It is hoped that with each reverberation the bad experiences, wrong deeds, and ill luck of the past year will be wiped away. Thus, tolling heralds the start of a joyous, fresh New Year.
There will be a short performance of Japanese folk songs preceding the ceremony. Then, Zen Buddhist priest Gengo Akiba Roshi will conduct a blessing and begin the bell ringing. Akiba Roshi is director of the Soto Zen Buddhism North American office. He is also Zen teacher at Oakland’s Kojin-an Zendo.
Hands-on art activities are offered in the education studios to entertain families while waiting for their turn at the bell. Guests will also have the opportunity to enjoy the special exhibition, Emerald Cities: Arts of Siam and Burma.
Numbered tickets to ring the bell are assigned to visitors on a first-come, first-serve basis in South Court beginning at 10:00 am, when the museum opens to the public. No advance reservations are accepted. 108 groups of four to six people will be assembled to strike the bell.
Bell Ringing for Asian Art Museum Members
Asian Art Museum members are invited to a special members-only bell-ringing ceremony at 9:30 am. Doors open at 9:00 am. Numbered tickets distributed at the Membership Desk. RSVP: firstname.lastname@example.org
[UPDATE: Whoops, apparently the Chronicle has two Andrew Rosses covering similar beats? Oh noes! Well, all the better. Speaking of mistakes, what are the odds that I'll see a lit up snowflake on Market Street tonight? About 100%, based on the past two weeks' observation. Oh well. Good thing those snowflakes don't use petroleum-based electricity, huh?]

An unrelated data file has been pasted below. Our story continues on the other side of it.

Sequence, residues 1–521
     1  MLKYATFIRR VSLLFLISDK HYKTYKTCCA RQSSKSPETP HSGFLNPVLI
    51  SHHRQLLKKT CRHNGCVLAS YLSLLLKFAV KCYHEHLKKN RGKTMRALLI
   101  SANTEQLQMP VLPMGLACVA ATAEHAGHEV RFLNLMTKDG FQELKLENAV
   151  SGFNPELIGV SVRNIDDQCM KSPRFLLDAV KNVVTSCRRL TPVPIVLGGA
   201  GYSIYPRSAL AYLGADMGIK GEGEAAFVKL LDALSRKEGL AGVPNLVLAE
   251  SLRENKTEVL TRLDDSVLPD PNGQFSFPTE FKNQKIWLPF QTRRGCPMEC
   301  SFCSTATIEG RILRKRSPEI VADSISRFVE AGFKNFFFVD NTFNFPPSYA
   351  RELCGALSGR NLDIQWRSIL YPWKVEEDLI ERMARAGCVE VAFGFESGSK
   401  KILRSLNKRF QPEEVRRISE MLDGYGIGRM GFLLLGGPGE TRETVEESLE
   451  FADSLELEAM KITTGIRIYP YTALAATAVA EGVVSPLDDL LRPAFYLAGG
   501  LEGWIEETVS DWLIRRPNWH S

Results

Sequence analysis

But sometimes they let him run wild and unchained, all by his lonesome, thusly:
As here, where Andrew Ross gives his take on the order of battle of this morning’s Whole Foods Showdown: Six Flags Over Noe Valley, Don’t Mess With Texas. See what Andrew did there? He fleshed things out, he gave more detail, he added to the story.
(Now, you give those limited column inches to somebody like C.W. Nevius to check in with 24th Street and what would you get? Well, maybe vitriol and emotion, and maybe that would be it. Oh well.)
Anyway, there’s nothing wrong with M&R together (a quarter mil. we have to pay for horrible, soon-to-be-cancelled Trauma, where the average worker, we’re talking median and mode here, makes rock-bottom minimum wage?), but they should let Andrew out of the bizness ghetto and allow him to run wild over any and all subjects of the day
And that’s the The Bottom Line.
[UPDATE: Whole Foods has started to construct a defensive wall made of pumpkins, but how strong could it be? We'll find out soon enough.]
[UPDATE 2, Electric Boogaloo: War Reporter Andy Wright has extensive coverage from the field of battle]
Oh, it’s going to be on tomorrow morning at the Grand Opening of the new Whole Foods at 3950 24th Street in The Valley. San Francisco’s fifth WF will start the sacred Bread Baking Ceremony at the same time protesters arrive to raise a ruckus about health care reform and CEO John Mackey, mkay?